The horizontal estimator is very similar to the height estimator in that we must account for pitch and roll changes past some small angle. We augment the optical flow sensor outputs sigma_1, sigma_2 with rate gyro data in pitch and roll. Note here that optical flow only gives us information on horizontal velocity (hence “flow”) so we’ve got to integrate to get an estimated position.

float const mixHorizVel = 0.5f;
if (in.opticalFlowSensor.updated) {
	float sigma_1 = -in.opticalFlowSensor.value_x;
	float sigma_2 = -in.opticalFlowSensor.value_y;

	float div = (cosf(estRoll) * cosf(estPitch));

	if (div > 0.5f) {
		float deltaPredict = estHeight / div;

		float v1Meas = (-sigma_1 + in.imuMeasurement.rateGyro.y) * deltaPredict;
		float v2Meas = (-sigma_2 - in.imuMeasurement.rateGyro.x) * deltaPredict;

		estVelocity_1 = (1.0f - mixHorizVel) * estVelocity_1 + mixHorizVel * v1Meas;
		estVelocity_2 = (1.0f - mixHorizVel) * estVelocity_2 + mixHorizVel * v2Meas;

estPos_1 = estPos_1 + (dt * estVelocity_1);
estPos_2 = estPos_2 + (dt * estVelocity_2);


I struggle with how to talk about the controller on my website in just a few paragraphs. I feel like I’d have to write a few thousand words to offer any more insight than the source code alone can provide. If staring at the source code interests you, then by all means check it out. Basically, the controller takes our state estimation to be truth and controls around a flat, zero-velocity state for the quadcopter, i.e. hovering at about half a meter off the ground. The approach is cascaded (so rate control is more aggressive than angle control for example) and time constants are chosen so that nested controllers at each stage can be considered instantaneous.

Flight Competition

The last lab section of the course was a hovering contest among the 20 or so lab groups. A net was set up in the middle of the room, enclosing a 6ft by 8ft rectangular prism, about 8ft high. You could place your quadcopter on the ground anywhere inside the netting but then you had to pass your XBox controller off to a GSI who would press the red button to start your main loop and begin your autonomous hover (hopefully). Each team was given 8 minutes to run as many flights as possible, the longest flight wins! Our actual lab grade depended on how we ranked against the other teams, so the stakes were high. There was one catch: after 90 seconds of flight, one of the GSIs would turn on a fan inside the netting to destabilize the controller or blow the quad into a net.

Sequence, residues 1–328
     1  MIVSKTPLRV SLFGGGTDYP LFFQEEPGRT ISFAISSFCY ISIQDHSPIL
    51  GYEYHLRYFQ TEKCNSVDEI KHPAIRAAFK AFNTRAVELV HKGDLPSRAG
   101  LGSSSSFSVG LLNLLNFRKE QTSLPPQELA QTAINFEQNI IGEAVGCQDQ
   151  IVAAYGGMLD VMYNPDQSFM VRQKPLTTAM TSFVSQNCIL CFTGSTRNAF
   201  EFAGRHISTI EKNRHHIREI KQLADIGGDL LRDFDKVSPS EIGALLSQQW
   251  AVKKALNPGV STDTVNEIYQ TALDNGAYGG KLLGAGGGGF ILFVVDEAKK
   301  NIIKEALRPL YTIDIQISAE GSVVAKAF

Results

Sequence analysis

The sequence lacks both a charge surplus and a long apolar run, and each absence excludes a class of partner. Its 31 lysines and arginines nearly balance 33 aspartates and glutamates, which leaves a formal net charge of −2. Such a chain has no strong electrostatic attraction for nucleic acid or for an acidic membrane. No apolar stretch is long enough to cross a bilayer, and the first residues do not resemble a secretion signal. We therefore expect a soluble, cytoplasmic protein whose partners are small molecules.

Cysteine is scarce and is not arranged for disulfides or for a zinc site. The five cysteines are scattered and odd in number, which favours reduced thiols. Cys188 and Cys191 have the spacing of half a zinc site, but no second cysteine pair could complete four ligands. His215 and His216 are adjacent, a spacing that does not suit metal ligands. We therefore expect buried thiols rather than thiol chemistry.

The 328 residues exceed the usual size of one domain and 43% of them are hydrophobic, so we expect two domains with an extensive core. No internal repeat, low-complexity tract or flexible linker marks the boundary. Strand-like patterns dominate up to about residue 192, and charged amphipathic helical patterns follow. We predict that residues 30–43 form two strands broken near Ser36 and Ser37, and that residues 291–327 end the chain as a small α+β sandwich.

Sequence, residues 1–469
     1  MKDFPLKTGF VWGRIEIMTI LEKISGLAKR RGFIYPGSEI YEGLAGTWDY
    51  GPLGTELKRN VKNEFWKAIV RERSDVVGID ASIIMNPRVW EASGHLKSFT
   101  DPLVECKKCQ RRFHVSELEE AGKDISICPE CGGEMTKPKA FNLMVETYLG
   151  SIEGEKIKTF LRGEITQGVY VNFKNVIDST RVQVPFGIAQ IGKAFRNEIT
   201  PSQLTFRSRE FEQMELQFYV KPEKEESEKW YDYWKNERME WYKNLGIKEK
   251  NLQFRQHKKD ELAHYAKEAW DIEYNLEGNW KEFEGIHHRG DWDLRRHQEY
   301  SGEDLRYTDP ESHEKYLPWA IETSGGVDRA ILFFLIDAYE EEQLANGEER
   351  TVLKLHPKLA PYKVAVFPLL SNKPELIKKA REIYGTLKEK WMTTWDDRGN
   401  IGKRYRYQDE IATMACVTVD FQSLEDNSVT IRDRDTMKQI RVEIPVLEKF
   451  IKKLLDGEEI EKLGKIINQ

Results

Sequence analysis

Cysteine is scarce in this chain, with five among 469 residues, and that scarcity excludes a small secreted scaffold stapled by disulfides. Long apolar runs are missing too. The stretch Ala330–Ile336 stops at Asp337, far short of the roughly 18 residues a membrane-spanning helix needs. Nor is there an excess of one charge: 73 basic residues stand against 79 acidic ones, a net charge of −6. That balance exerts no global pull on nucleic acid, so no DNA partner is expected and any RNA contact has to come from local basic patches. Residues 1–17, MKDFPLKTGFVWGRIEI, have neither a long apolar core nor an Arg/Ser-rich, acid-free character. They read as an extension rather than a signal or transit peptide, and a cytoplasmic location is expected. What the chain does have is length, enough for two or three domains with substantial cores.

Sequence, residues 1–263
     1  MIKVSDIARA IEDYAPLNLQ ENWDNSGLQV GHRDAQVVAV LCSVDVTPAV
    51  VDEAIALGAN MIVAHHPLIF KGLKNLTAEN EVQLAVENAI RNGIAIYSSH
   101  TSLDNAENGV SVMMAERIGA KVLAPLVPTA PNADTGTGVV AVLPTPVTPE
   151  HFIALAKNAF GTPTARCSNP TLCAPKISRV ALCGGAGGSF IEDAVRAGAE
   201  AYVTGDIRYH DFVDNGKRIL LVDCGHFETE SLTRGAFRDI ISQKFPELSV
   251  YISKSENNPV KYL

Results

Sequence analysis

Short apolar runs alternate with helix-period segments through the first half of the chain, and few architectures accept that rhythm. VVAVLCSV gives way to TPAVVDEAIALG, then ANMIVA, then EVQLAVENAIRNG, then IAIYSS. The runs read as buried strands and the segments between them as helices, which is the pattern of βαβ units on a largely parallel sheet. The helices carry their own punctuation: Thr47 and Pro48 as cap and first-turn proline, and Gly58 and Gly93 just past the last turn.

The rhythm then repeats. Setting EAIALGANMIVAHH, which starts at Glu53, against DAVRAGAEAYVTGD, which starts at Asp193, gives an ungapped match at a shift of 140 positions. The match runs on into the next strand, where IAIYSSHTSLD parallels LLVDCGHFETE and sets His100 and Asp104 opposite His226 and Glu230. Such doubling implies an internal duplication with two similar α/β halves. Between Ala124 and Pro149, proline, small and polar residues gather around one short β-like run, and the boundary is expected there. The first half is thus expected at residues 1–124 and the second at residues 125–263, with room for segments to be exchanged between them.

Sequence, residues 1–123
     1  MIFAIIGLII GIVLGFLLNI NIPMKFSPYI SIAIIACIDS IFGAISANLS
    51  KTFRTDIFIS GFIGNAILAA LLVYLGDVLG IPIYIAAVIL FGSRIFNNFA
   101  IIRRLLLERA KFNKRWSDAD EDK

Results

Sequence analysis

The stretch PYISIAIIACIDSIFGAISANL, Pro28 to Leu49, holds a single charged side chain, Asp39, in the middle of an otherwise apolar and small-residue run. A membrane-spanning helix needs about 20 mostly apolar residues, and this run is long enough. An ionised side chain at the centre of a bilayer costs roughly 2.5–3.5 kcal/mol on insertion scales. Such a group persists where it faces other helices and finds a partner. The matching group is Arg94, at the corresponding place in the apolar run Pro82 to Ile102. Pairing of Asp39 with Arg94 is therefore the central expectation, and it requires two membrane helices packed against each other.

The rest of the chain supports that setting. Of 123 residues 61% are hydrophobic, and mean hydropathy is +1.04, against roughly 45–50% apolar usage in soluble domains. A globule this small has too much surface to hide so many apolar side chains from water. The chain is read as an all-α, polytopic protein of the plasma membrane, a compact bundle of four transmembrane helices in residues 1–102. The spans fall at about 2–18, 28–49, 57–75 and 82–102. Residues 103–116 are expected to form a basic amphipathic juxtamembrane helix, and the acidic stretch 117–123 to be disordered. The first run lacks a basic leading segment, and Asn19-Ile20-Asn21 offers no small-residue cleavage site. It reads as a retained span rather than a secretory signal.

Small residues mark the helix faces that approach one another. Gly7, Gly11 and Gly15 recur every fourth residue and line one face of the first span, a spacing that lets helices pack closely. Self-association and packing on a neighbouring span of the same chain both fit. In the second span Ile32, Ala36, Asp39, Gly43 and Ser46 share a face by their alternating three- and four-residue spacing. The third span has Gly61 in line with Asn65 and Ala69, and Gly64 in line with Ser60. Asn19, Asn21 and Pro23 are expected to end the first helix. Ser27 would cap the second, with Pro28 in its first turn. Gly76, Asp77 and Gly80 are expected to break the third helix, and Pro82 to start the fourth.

My team (David, Joey, and I) was the only team to reach 90 seconds of flight and have the fan turn on. On our longest run we achieved 105 seconds of flight before crashing into the net, withstanding the fan for 15 seconds. We were excited, I wish I had video of the event, but we had pulled an all-nighter before the competition tuning and perfecting the controller and it slipped my barely functional mind at the time. There were many modifications we made to the stock controller which allowed us to achieve this performance. We eliminated small angle approximations from our estimators and controllers, we implemented position control as well as an absition feedforward (the integral of position is called “absition” or “absement,” it’s a thing). We added height setpoint scheduling for a smooth takeoff as well as hard-coded gain scheduling on the attitude controller. These changes, along with fine tuning our time constants through many hours of flight tests, allowed us to stay in the air for longer than we expected. Kitty Hawk ended up sponsoring the competition with a DJI Spark drone for each member of the winning team. Here we are on zero hours of sleep, but very gratified. Left to right Professor Mueller, David, Joey, and yours truly.

ME136 was a challenge but cemented my interest in controls. Of all the all-nighters I’ve pulled, the one before this class competition was one of the most worthwhile.